Algerians march to mark 65th anniversary of massacre
Thousands of people marched in the Algerian city of Setif Saturday to commemorate the 65th anniversary of the massacre of thousands of pro-independence demonstrators by French forces.
They silently followed the route that ill-fated protesters took through the eastern city on May 8, 1945, to call for an end to French colonial rule in Algeria -- the same day as Europe feted the Allied victory over Nazi Germany.
French forces quickly stepped in to crack down on the Setif demonstration, leaving 45,000 people dead, according to Algerian historians. Western researchers put the death toll at between 8,000 and 18,000.
"The celebrations for the victory of the Allies against Nazism were turned, from May 8 for a month, into a bloodbath," said Mohammed-Cherif Abbas, the minister for war veterans.
He said the anniversary was not just a day for grief but also a reminder of when the Algerian people had to "take up arms", he said at a seminar late Friday.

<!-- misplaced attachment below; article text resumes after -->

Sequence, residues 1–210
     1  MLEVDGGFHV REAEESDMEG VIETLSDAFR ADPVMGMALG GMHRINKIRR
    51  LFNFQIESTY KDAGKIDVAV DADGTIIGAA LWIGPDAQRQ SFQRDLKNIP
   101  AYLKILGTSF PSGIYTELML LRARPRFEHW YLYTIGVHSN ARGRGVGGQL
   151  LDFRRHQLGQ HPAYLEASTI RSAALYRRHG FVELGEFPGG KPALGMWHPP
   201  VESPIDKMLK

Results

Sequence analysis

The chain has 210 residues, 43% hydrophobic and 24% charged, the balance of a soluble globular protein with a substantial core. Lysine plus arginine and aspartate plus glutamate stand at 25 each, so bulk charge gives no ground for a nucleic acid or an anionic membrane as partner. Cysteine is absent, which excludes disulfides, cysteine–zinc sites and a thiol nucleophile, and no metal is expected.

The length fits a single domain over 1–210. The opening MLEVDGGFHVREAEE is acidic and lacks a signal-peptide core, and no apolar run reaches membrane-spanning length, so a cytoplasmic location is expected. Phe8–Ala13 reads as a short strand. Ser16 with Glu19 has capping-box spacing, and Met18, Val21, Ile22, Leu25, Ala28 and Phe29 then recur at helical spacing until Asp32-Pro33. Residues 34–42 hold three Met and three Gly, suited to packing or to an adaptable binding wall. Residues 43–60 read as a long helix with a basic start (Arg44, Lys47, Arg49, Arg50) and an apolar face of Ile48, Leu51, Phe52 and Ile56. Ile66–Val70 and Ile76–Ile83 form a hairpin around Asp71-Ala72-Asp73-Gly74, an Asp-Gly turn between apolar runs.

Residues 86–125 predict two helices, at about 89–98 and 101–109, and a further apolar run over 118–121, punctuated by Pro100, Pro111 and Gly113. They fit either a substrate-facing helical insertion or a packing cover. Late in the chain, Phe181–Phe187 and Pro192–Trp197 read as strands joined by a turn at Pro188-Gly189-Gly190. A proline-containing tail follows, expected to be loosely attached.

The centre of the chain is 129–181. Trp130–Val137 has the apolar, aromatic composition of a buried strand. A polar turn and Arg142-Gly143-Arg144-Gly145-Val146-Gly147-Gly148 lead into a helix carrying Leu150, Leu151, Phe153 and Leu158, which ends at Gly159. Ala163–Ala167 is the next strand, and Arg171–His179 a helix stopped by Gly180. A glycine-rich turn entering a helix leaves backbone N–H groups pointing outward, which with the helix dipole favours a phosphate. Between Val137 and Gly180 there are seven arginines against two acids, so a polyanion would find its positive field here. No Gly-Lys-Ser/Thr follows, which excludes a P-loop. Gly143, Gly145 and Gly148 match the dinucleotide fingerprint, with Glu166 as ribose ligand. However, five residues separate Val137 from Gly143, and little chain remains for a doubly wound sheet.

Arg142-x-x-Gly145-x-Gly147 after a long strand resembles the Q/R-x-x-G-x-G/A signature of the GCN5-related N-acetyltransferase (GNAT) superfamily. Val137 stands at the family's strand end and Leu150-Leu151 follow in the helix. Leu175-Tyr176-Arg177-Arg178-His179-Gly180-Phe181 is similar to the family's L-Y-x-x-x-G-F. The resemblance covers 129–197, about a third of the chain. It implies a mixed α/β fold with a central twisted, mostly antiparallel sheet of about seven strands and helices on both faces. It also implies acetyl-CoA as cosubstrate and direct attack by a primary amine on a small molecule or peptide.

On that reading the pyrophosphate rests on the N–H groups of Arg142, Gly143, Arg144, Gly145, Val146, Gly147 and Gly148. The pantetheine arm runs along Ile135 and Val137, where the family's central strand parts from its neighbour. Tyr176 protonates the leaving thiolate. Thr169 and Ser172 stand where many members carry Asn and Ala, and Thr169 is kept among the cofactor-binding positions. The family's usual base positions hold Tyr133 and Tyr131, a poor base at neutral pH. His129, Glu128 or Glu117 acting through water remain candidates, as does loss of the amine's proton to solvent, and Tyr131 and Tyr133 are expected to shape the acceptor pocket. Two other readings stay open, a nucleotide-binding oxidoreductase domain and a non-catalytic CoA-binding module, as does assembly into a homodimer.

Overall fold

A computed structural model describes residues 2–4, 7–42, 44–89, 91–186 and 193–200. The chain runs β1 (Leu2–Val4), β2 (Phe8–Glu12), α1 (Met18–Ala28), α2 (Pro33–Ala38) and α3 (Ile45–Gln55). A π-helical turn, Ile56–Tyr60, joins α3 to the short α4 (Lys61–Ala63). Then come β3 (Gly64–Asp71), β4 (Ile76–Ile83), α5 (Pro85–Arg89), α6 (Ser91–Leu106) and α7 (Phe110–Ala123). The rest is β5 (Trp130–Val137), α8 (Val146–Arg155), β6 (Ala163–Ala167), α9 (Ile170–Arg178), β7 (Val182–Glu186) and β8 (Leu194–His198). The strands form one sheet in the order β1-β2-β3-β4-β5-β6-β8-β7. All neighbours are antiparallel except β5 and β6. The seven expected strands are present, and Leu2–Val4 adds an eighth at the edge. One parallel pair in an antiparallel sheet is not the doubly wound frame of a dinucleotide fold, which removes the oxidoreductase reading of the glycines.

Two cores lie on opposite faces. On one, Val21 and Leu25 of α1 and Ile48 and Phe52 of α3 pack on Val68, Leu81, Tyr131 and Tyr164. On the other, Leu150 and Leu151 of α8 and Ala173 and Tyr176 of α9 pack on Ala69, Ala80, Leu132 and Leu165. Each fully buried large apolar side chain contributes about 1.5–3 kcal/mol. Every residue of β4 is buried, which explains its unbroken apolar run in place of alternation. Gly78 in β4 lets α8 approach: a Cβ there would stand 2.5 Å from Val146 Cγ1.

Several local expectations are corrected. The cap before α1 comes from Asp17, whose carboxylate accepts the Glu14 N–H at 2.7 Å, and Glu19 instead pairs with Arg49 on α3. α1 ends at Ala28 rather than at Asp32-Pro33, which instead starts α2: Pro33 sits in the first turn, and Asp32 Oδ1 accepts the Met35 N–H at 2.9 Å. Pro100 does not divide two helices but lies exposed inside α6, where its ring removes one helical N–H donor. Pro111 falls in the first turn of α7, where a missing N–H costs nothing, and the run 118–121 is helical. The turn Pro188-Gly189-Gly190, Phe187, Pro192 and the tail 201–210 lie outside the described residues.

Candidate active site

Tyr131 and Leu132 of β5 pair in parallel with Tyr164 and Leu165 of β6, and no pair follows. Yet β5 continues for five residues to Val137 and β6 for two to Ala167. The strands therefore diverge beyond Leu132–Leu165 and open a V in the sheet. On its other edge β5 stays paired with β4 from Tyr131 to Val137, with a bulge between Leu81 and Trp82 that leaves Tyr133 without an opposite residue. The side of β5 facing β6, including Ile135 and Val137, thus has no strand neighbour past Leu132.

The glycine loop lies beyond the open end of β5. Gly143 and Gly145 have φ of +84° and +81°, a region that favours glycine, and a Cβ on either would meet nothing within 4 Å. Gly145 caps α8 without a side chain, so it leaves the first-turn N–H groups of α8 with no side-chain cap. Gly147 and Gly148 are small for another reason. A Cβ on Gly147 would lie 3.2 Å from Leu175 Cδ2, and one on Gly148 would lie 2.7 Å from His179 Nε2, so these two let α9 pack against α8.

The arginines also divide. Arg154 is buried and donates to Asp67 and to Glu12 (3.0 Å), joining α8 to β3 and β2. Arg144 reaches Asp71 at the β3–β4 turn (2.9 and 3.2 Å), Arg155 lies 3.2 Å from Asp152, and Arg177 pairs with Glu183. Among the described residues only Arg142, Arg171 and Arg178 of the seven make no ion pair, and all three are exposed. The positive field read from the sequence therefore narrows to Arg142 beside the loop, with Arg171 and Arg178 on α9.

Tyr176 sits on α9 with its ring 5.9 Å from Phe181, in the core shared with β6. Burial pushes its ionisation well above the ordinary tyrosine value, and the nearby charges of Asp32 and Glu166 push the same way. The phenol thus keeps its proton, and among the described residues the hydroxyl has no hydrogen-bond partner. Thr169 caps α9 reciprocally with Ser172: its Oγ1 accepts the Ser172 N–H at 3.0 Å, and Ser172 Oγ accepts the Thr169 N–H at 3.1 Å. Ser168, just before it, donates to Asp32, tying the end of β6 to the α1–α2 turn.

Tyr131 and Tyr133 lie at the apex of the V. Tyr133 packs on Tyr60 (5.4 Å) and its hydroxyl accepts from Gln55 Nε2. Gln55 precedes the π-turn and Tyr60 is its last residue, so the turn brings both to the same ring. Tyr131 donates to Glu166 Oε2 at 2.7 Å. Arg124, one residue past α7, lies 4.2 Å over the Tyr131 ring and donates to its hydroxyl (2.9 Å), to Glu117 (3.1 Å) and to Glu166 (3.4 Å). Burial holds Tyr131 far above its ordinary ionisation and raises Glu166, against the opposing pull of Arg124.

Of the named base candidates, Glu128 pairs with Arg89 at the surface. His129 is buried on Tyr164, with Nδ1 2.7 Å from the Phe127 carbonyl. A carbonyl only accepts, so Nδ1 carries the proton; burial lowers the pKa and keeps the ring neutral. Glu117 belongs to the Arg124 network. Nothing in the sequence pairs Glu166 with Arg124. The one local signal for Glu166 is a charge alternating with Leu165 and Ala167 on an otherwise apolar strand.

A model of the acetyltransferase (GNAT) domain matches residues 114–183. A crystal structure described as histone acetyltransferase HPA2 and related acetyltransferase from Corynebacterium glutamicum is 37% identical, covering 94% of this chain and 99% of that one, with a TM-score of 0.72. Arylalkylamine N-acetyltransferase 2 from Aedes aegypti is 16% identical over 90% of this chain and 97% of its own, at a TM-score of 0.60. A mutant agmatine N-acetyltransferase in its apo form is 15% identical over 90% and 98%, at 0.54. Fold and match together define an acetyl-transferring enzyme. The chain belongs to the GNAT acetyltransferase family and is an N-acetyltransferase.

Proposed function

Former French equal opportunities minister Azouz Begag, who attended the seminar, said it was "time for Algeria and France to reconcile their memory" over one of the most painful chapters in their shared history.
Begag, whose family originally comes from Setif, said it was "necessary to admit that French forces committed atrocities, killings by the thousand."
The anniversary comes just days after a film about France's colonial past in Algeria sparked a row ahead of its Cannes film festival screening, with calls for it to be banned for rewriting history.
"Outside Of The Law" by Rachid Bouchareb, a filmmaker who was born in France to Algerian parents, tells the story of two brothers who join the struggle for Algerian independence after surviving the Setif massacre.
Critics have branded the film an attempt to rewrite history.
Bouchareb was quoted by the Algerian newspaper El Watan as saying that the film sought to "shed light on this part of history common to both countries".
© 2010 AFP